TUDCA (Tauroursodeoxycholic Acid)

TUDCA (tauroursodeoxycholic acid) is a small molecule that is being explored for its potential as a treatment for amyotrophic lateral sclerosis (ALS).

Research has shown that TUDCA can decrease nerve cell death, a hallmark of ALS, through its ability to act as an antioxidant that prevents toxic reactive oxygen species from accumulating inside cells. The molecule also has the ability to control immune function.

How TUDCA works

ALS is a progressive neurological disorder characterized by the death of motor neurons — the nerve cells that control voluntary muscles. Patients with ALS experience severe difficulties in movement, breathing, eating, and speaking.

The energy that is needed by all cells, including nerve cells, is produced by tiny cellular structures called mitochondria. Sometimes the mitochondria become dysfunctional, meaning they don’t work properly, and start producing excessive cytotoxic molecules called reactive oxygen species. These can trigger cell death mechanisms by activating cell death-regulating proteins belonging to the Bcl-2 and caspase family.

Studies have shown that TUDCA incorporates itself into the mitochondrial membranes and prevents association with critical pro-death proteins such as Bax (a Bcl2 family protein that promotes cell death). Through this mechanism, TUDCA can delay or prevent neuronal cell death. It therefore was predicted that TUDCA could prevent or significantly delay the death of motor neurons in ALS patients.

TUDCA in clinical trials

TUDCA is undergoing clinical trials alone, and in combination with sodium phenylbutyrate, as a treatment called AMX0035. These trials are aimed at determining AMX0035’s safety, tolerability, and efficacy in patients with ALS.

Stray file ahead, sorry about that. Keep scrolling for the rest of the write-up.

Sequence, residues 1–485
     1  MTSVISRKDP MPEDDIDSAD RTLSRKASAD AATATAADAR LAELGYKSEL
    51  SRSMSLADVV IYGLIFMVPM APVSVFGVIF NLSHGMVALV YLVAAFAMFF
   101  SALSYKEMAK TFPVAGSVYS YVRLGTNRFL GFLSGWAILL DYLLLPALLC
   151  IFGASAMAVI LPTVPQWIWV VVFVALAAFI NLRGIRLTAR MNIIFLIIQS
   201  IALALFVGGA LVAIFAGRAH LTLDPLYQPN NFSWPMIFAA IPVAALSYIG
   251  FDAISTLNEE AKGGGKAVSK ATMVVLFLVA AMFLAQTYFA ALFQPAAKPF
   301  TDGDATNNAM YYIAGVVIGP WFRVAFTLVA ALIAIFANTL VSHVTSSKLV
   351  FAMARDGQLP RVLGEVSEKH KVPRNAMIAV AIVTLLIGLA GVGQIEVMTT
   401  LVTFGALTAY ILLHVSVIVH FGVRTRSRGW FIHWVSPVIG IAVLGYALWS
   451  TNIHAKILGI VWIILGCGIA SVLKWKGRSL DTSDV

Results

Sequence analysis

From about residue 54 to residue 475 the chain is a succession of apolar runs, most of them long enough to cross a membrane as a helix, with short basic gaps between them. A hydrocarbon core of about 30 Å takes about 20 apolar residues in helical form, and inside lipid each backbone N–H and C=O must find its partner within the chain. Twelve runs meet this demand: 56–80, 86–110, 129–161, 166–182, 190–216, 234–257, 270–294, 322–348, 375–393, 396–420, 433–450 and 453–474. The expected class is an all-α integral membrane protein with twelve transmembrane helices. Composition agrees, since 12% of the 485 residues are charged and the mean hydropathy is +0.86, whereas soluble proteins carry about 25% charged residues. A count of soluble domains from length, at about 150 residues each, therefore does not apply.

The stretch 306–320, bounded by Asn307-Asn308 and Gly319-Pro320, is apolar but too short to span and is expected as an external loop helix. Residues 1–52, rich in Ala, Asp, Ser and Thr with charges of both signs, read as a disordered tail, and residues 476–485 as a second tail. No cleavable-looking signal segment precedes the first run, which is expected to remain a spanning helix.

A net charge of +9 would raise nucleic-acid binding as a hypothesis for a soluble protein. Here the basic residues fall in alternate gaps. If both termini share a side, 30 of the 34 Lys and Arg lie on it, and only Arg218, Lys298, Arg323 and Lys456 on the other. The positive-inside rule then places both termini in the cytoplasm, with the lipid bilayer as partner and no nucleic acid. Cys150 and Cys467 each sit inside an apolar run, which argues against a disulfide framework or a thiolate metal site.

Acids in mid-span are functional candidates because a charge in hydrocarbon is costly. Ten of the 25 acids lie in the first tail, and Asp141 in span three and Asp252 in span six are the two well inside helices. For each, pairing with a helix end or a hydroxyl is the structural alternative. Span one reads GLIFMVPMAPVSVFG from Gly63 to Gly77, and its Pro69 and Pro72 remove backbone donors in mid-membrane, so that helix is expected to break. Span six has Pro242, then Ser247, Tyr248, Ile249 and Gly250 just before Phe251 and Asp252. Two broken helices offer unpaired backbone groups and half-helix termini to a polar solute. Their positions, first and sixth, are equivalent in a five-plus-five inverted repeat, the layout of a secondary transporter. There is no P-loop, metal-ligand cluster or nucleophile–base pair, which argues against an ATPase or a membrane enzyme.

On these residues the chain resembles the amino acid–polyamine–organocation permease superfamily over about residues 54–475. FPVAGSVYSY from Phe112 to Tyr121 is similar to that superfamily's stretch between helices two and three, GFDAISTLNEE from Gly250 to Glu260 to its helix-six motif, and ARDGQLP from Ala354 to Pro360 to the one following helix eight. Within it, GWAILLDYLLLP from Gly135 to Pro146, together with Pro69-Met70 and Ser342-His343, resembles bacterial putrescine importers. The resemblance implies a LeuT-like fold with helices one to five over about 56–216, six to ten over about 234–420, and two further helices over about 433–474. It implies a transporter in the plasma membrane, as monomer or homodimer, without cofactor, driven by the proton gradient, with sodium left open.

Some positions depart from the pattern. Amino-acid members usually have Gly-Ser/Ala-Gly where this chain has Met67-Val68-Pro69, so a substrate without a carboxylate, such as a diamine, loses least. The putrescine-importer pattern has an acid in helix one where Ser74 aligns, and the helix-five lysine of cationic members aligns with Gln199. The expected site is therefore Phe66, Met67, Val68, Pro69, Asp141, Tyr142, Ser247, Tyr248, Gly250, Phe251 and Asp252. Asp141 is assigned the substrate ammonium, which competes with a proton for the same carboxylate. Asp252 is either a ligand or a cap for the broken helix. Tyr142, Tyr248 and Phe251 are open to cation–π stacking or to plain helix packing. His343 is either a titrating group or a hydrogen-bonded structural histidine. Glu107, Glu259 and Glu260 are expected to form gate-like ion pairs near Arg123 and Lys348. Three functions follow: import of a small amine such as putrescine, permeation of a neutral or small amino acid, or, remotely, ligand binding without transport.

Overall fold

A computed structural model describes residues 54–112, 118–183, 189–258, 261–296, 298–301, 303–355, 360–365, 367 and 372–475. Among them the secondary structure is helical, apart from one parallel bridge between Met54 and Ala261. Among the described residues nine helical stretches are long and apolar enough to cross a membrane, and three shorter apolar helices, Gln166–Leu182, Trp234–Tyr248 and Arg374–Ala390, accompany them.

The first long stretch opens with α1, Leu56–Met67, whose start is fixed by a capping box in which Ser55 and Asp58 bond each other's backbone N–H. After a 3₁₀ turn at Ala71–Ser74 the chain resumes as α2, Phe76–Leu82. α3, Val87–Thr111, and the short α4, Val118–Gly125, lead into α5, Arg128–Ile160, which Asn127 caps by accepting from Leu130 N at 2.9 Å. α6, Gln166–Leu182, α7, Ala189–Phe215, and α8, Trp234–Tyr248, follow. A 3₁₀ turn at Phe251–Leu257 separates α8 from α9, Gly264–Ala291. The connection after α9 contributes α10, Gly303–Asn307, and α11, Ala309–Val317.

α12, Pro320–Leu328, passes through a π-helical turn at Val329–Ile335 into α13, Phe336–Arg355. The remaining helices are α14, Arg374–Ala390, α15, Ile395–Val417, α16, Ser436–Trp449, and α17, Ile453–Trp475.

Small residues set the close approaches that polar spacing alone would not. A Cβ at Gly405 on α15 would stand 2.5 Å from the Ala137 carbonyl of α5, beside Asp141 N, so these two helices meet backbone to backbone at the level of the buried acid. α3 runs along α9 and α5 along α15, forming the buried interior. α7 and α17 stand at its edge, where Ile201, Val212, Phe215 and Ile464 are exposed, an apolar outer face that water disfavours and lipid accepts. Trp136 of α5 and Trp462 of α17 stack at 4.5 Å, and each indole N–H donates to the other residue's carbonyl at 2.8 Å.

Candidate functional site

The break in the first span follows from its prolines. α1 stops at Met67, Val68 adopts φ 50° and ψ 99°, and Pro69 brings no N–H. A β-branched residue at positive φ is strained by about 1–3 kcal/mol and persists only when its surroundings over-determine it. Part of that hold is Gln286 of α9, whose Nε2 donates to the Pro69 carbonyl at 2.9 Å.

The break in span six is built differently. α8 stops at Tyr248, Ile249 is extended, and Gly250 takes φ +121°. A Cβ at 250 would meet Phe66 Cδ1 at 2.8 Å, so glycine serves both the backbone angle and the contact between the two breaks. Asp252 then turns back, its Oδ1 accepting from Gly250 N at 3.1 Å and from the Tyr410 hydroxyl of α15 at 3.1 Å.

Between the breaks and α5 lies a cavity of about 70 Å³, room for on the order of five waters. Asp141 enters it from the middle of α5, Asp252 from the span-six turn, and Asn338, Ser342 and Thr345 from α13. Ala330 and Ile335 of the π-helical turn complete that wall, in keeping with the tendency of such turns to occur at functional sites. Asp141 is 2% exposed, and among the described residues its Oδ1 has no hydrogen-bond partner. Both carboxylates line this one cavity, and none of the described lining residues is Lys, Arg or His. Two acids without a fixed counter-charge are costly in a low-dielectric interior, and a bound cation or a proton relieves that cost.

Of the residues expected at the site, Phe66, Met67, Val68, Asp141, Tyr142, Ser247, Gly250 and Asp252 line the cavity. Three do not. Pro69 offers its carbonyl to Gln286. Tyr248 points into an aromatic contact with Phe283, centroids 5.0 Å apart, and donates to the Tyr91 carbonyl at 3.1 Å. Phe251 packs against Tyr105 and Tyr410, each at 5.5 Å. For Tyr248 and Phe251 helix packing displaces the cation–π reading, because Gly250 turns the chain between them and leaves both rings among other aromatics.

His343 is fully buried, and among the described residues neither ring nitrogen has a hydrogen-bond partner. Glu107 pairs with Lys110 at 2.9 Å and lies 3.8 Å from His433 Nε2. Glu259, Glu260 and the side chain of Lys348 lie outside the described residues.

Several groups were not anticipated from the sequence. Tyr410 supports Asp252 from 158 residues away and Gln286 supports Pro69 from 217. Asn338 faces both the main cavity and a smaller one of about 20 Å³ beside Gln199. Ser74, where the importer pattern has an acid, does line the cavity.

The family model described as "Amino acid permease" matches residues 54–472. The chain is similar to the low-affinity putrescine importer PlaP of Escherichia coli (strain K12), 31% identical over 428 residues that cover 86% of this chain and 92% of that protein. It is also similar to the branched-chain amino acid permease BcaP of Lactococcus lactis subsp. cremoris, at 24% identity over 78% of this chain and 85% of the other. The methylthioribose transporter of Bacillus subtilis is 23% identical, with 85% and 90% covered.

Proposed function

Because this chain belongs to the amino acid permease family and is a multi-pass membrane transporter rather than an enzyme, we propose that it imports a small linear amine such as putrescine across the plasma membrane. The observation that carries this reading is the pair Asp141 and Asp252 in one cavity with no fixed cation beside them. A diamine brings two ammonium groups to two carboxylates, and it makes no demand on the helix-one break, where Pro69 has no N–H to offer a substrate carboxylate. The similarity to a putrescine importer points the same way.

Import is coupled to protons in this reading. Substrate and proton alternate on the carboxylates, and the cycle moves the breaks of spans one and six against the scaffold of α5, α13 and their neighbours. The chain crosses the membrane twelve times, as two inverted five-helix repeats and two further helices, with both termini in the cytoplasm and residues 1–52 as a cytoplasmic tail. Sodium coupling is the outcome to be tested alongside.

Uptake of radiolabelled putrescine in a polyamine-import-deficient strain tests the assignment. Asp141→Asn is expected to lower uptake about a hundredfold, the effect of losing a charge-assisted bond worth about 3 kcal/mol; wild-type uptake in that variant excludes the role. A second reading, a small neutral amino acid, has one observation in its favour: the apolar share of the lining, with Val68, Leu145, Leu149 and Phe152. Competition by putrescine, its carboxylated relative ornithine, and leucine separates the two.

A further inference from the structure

A randomized, double-blind, multicenter, placebo-controlled study (NCT00877604) evaluated the efficacy and tolerability of TUDCA in 34 people with ALS. Researchers gave patients TUDCA tablets daily as an add-on therapy for 54 weeks. (The patients were already being treated with riluzole). The study’s results were published in the European Journal of Neurology. They showed that TUDCA was well-tolerated and safe, and significantly slowed the progression of ALS compared with placebo, as measured by the ALS Functional Rating Scale-Revised (ALSFRS‐R).

A Phase 3, multi-center, randomized, double-blind, placebo-controlled, parallel-group study (NCT03800524) is currently recruiting an estimated 440 ALS patients in Italy to evaluate the safety and efficacy of TUDCA as an add-on therapy. That study will monitor the percentage of responders in the treatment and placebo groups for a period of 18 months. It also will measure secondary outcomes, including survival time and biomarkers of ALS pathology. Researchers will assess improvements in participants’ physical mobility, activities of daily living and independence, eating and drinking abilities, communication, pain, and emotional functioning.  The trial is expected to be completed in January 2021.

TUDCA also is being tested in clinical trials as part of AMX0035. A Phase 2, randomized, double-blind, placebo-controlled trial (NCT03127514) called CENTAUR has recently completed enrollment of 132 participants and is evaluating the safety, tolerability, efficacy, and activity of AMX0035. That study will assess whether AMX0035 can delay the progression of ALS as measured by ALSFRS-R. It also will evaluate the effects of AMX0035 on muscle strength, vital capacity, and other ALS biomarkers. Completion of that study is expected in December 2019.

Participants will then have the opportunity to take part in an open-label extension study  (NCT03488524) called CENTAUR-OLE that aims to assess the long-term safety and efficacy of AMX0035.


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